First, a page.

Promoting children’s truth-telling in legal settings
Child witnesses in legal disputes used to be required to show they knew the difference between truth and lies. As a result, young children who usually had difficulty explaining concepts such as “truth” were often unable to testify.
But Dr. Victoria Talwar, Canada Research Chair in Developmental Psychology and Law, has found that while young children may not be able to define such concepts, they are just as likely as adults to tell the truth. Based on Talwar’s research, children are no longer asked if they know the difference between truth and lies as part of a competency inquiry.
Talwar is now investigating the influence of external variables (such as possible coaching and types of questions) on the ability of children to give truthful and accurate reports about events.
Children’s persistent lying is considered an early indicator of later antisocial behaviour problems. Talwar’s research is providing valuable insights into how lying behaviour emerges, the factors that maintain this behaviour and how lying for some children becomes a chronic symptom related to other antisocial behaviour.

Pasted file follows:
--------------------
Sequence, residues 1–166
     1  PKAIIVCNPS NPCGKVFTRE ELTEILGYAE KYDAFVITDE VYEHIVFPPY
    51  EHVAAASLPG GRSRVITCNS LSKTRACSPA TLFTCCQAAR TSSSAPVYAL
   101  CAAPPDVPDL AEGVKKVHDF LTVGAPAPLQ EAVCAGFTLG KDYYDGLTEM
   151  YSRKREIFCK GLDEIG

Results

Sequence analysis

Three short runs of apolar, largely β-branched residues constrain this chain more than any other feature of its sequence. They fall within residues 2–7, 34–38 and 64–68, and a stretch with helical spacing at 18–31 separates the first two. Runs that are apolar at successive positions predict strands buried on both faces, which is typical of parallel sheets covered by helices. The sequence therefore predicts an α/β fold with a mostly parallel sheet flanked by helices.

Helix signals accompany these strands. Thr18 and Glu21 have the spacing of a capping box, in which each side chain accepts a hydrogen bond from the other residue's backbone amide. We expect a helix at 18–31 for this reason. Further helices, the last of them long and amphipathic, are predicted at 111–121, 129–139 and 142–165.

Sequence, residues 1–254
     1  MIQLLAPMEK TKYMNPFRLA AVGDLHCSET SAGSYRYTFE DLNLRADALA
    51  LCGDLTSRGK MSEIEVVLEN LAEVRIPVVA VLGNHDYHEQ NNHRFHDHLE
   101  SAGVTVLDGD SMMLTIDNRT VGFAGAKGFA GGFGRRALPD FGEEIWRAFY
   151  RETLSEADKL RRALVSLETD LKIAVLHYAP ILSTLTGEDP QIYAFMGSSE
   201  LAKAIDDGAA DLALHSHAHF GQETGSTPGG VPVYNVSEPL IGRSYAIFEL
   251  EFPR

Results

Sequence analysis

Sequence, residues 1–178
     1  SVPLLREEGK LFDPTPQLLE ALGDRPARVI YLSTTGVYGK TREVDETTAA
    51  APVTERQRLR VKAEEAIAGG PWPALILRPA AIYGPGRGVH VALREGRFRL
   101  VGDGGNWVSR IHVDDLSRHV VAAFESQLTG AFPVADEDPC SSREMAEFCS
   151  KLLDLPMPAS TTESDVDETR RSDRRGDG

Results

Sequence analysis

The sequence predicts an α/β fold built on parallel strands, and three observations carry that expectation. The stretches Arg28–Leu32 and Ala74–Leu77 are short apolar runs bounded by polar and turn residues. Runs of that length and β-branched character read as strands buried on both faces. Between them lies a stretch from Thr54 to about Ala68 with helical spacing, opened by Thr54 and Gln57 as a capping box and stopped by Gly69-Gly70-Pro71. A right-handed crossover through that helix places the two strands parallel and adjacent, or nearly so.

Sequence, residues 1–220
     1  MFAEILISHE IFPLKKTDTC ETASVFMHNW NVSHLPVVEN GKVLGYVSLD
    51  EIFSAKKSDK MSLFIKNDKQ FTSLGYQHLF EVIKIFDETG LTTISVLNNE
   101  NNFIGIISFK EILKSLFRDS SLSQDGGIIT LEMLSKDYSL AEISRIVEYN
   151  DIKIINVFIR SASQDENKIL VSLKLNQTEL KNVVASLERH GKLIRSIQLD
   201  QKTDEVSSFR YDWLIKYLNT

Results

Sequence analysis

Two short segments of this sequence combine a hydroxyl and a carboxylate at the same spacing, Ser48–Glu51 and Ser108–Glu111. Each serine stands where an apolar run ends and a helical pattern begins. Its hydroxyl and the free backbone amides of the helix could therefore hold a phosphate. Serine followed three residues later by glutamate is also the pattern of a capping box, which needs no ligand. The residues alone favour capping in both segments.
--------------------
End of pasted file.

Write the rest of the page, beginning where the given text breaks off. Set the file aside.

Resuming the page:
Talwar’s research will help develop successful methods of promoting children’s truth-telling without increasing false allegations. It will also have significant implications for legal and forensic professionals who must determine the veracity of evidence provided by children. And it will form the basis for new legal procedures and protocols for interviewing children and assessing their trustworthiness.